Digital Dimensions uses Fujinon lenses on new series

07 September, 2011 by IF

Press release from Well Above

Digital Dimensions, the award-winning multimedia production house based in Cairns and Townsville, is co-producing a 3 x 1 hour series on the Great Barrier Reef together with the BBC, Discovery and Channel 9 Australia. The series is being filmed on a combination of HDCAM and Varicam both above and below the water. One of the directors of Digital Dimensions Richard Fitzpatrick is the Director of Photography for the series and is also the producer of one of the episodes.


Commenting on their choice of Fujinon lenses for the series Fitzpatrick said, “Digital Dimensions is supplying all the high definition equipment for the production and has had a long standing relationship with Fujinon for over 13 years. We have Fujinon HD 4.5×14 and Fujinon 22×7.8 as well as Fujinon C mount lenses for our Iconix setups. Fujinon long lenses were rented in for the production as well.”

With multiple crews working the length of the Great Barrier Reef, Digital Dimensions needed an additional wide lens which was supplied by Fujinon for the duration of the production. According to Fitzpatrick the choice of lenses used was dependent on the shot and conditions.

Fitzpatrick continued, “Working in remote locations with the camera operator often on their own so they could be close to nature meant that only one lens would be taken at a time. Both the wide and the standard gave enough freedom in their range that we where able to compose the necessary shots to get a great sequence. The Fujinon HD wide was primarily used by the topside crew filming tropical rainforests, mangroves and the birds and turtles of the sand cays of the reef.

Fitzpatrick and his crew had to deal with some of Australia’s most inhospitable climate conditions, another reason he gave for choosing Fujinon lenses.

He said, “Fujinon lenses are robust and dependable. On the sand cays the temperatures were well over 38 degrees and we were facing a camera operator’s worst nightmare – salt water and sand. The lenses were also using inside custom built underwater housings down to 40 metres. On top of that we were in extremely remote areas. The boat trips to some locations would take three days each way.”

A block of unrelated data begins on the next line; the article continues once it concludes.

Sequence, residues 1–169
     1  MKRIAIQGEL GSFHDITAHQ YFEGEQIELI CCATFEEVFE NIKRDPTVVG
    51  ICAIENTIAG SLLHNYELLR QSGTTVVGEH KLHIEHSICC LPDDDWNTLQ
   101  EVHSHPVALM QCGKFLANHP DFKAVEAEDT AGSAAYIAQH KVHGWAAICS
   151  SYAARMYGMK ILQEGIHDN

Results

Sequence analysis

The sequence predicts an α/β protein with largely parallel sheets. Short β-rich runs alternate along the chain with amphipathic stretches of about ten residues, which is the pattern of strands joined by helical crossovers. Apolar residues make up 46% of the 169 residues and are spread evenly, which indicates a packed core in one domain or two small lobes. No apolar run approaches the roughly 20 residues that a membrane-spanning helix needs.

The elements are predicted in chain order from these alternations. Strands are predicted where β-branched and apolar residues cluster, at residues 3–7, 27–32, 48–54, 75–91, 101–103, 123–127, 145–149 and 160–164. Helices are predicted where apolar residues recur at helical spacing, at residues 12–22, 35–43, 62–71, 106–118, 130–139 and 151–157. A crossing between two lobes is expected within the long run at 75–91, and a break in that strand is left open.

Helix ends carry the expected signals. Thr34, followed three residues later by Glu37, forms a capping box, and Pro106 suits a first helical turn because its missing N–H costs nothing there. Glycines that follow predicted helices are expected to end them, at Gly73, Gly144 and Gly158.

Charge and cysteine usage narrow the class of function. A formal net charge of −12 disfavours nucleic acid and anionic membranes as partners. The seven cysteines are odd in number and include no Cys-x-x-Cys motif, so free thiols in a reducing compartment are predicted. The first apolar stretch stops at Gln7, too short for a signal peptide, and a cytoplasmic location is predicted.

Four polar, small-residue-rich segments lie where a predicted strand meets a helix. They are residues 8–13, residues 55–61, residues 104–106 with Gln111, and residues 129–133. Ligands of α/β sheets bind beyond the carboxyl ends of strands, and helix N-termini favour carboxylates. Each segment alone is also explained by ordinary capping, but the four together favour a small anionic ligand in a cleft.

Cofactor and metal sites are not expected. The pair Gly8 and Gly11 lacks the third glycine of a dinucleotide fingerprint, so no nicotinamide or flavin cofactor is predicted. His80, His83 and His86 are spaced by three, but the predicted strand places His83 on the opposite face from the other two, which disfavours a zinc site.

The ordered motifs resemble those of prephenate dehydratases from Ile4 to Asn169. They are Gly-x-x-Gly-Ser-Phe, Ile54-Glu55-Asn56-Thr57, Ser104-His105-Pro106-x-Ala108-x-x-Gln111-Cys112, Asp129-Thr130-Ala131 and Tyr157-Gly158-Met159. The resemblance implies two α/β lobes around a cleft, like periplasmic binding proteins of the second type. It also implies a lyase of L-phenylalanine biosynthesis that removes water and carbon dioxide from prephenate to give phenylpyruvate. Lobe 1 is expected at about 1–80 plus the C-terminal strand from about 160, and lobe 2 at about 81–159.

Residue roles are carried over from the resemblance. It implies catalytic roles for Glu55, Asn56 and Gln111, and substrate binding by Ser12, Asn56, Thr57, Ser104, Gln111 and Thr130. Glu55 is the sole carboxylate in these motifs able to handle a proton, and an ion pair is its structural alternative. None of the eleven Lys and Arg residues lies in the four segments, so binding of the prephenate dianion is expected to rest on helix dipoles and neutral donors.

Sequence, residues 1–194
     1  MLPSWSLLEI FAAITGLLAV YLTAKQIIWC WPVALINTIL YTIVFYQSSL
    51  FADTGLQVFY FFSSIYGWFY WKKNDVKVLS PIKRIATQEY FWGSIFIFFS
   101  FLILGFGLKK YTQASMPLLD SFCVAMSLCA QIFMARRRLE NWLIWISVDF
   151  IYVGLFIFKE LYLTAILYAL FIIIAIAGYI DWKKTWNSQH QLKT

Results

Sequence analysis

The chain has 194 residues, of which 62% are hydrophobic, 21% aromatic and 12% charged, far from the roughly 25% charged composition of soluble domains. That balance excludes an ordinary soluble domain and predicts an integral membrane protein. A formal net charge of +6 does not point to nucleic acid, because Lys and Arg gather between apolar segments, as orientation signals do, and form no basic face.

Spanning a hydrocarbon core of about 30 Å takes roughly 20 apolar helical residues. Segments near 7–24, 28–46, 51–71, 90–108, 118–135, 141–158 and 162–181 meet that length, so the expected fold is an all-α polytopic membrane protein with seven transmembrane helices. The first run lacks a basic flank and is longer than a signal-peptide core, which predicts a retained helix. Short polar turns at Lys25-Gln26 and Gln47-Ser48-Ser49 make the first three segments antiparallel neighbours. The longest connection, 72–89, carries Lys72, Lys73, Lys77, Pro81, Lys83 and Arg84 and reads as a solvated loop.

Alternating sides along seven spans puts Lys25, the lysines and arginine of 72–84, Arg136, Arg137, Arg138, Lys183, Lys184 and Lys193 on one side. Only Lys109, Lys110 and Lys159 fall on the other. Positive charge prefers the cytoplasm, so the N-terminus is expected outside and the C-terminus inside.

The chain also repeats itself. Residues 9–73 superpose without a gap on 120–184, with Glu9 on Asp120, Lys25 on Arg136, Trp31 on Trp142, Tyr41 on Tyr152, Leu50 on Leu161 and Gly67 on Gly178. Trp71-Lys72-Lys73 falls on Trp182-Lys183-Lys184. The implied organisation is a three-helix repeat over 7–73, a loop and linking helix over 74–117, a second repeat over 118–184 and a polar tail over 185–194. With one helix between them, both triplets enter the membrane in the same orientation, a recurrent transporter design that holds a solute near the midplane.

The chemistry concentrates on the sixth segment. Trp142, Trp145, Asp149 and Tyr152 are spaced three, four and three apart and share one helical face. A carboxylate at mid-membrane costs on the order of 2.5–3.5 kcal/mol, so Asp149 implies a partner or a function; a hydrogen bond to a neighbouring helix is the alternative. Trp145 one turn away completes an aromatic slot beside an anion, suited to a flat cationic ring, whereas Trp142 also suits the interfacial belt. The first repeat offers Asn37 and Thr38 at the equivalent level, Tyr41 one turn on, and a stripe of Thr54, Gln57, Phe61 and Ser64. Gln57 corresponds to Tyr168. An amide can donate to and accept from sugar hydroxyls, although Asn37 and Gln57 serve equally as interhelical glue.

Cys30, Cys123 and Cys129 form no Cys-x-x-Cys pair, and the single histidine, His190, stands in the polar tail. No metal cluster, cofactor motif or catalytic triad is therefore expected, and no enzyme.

Filming over the series was conducted in the tropical rainforest, salt flats, mangroves, sea grass beds, extreme depths, coral gardens and out in the open ocean.

Fitzpatrick added, “All the Fujinon lenses performed flawlessly. I have always used Fujinon lenses. As a natural history cameraman I have worked in the snowfields of Alaska, The jungles of the Amazon and all over the Great Barrier Reef. I have never had a problem with a Fujinon Lens. The underwater environment is not forgiving and when shooting nature there are often no second chances. We pride ourselves in delivering behavioural sequences never seen before. Fujinon lenses allow us to with a very high production value.”

Information on The Great Barrier Reef series
Australia’s Great Barrier Reef is an icon, one of the natural wonders of the world and the largest living structure on our planet. This three part television series is a definitive, in depth portrait of this biological miracle, exploring its full 2000 kilometer length and complexity of life. It will reveal the secrets of the reef – how it was created, how it works, the intricate relationships between its inhabitants and how climate change and other factors might shape its future. The latest specialist filming and visual techniques will capture the magic of the reef as it has never been seen before, from its immense scale to the most intimate detail of the lives of individual animals.

The first film explores how the extraordinary structure of the Great Barrier Reef was created and continues to flourish – despite its position in some of the most nutrient poor waters in the world. It looks at the multiple interactions of the creatures of the reef, how they compete and co-operate in this intensely crowded world and how they respond to daily, tidal and seasonal rhythms. Cutting edge underwater macro and digital time-lapse photography, as well as novel views from space, will provide completely new perspectives on this natural wonder.

The Great Barrier Reef ecosystem covers an area larger than Great Britain and only 6% of it is coral reef. The giant lagoon of the GBR also has hundreds of islands, vast mangrove swamps, strange soft coral gardens, huge sand flats and meadows of seagrass – all full of fascinating wildlife. The marine life of the reef is also linked intimately with the mainland and its coastal vegetation. This film investigates these other varied environments around the coral and how they work together in complex ways to sustain the reef and all its life.

The Great Barrier Reef is intimately connected to the rest of the world’s tropical seas, with sharks and turtles migrating thousands of miles across the Pacific to isolated coral islands, humpback and minke whales travelling here each year from the Antarctic, seabirds arriving to breed on coral cays and deep sea creatures rising up from the ocean depths to the reef at night. This film reveals the significance of the Great Barrier Reef to the world and how its own future is intimately linked with global weather patterns and climate.